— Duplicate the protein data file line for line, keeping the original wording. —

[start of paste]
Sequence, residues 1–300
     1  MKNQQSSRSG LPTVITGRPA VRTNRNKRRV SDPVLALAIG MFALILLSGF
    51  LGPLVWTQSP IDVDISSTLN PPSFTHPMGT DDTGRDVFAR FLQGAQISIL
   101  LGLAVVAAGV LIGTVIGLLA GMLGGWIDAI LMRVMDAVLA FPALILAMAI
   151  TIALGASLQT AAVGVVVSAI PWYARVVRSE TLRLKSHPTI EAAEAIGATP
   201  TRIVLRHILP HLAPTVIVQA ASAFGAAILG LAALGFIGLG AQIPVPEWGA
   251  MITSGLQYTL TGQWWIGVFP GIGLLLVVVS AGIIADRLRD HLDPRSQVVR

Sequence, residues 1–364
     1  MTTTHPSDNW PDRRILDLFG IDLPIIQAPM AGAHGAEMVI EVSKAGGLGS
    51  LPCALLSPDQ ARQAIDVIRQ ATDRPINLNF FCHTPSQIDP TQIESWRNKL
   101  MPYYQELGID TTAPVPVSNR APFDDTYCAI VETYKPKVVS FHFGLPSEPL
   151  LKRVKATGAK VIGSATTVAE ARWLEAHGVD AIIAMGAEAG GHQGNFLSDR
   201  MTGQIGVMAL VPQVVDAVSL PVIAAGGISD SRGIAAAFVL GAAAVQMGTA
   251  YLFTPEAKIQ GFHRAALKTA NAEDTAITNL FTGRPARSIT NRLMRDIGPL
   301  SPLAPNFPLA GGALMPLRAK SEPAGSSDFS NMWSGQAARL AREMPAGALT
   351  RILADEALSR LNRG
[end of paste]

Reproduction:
Sequence, residues 1–300
     1  MKNQQSSRSG LPTVITGRPA VRTNRNKRRV SDPVLALAIG MFALILLSGF
    51  LGPLVWTQSP IDVDISSTLN PPSFTHPMGT DDTGRDVFAR FLQGAQISIL
   101  LGLAVVAAGV LIGTVIGLLA GMLGGWIDAI LMRVMDAVLA FPALILAMAI
   151  TIALGASLQT AAVGVVVSAI PWYARVVRSE TLRLKSHPTI EAAEAIGATP
   201  TRIVLRHILP HLAPTVIVQA ASAFGAAILG LAALGFIGLG AQIPVPEWGA
   251  MITSGLQYTL TGQWWIGVFP GIGLLLVVVS AGIIADRLRD HLDPRSQVVR

Sequence, residues 1–364
     1  MTTTHPSDNW PDRRILDLFG IDLPIIQAPM AGAHGAEMVI EVSKAGGLGS
    51  LPCALLSPDQ ARQAIDVIRQ ATDRPINLNF FCHTPSQIDP TQIESWRNKL
   101  MPYYQELGID TTAPVPVSNR APFDDTYCAI VETYKPKVVS FHFGLPSEPL
   151  LKRVKATGAK VIGSATTVAE ARWLEAHGVD AIIAMGAEAG GHQGNFLSDR
   201  MTGQIGVMAL VPQVVDAVSL PVIAAGGISD SRGIAAAFVL GAAAVQMGTA
   251  YLFTPEAKIQ GFHRAALKTA NAEDTAITNL FTGRPARSIT NRLMRDIGPL
   301  SPLAPNFPLA GGALMPLRAK SEPAGSSDFS NMWSGQAARL AREMPAGALT
   351  RILADEALSR LNRG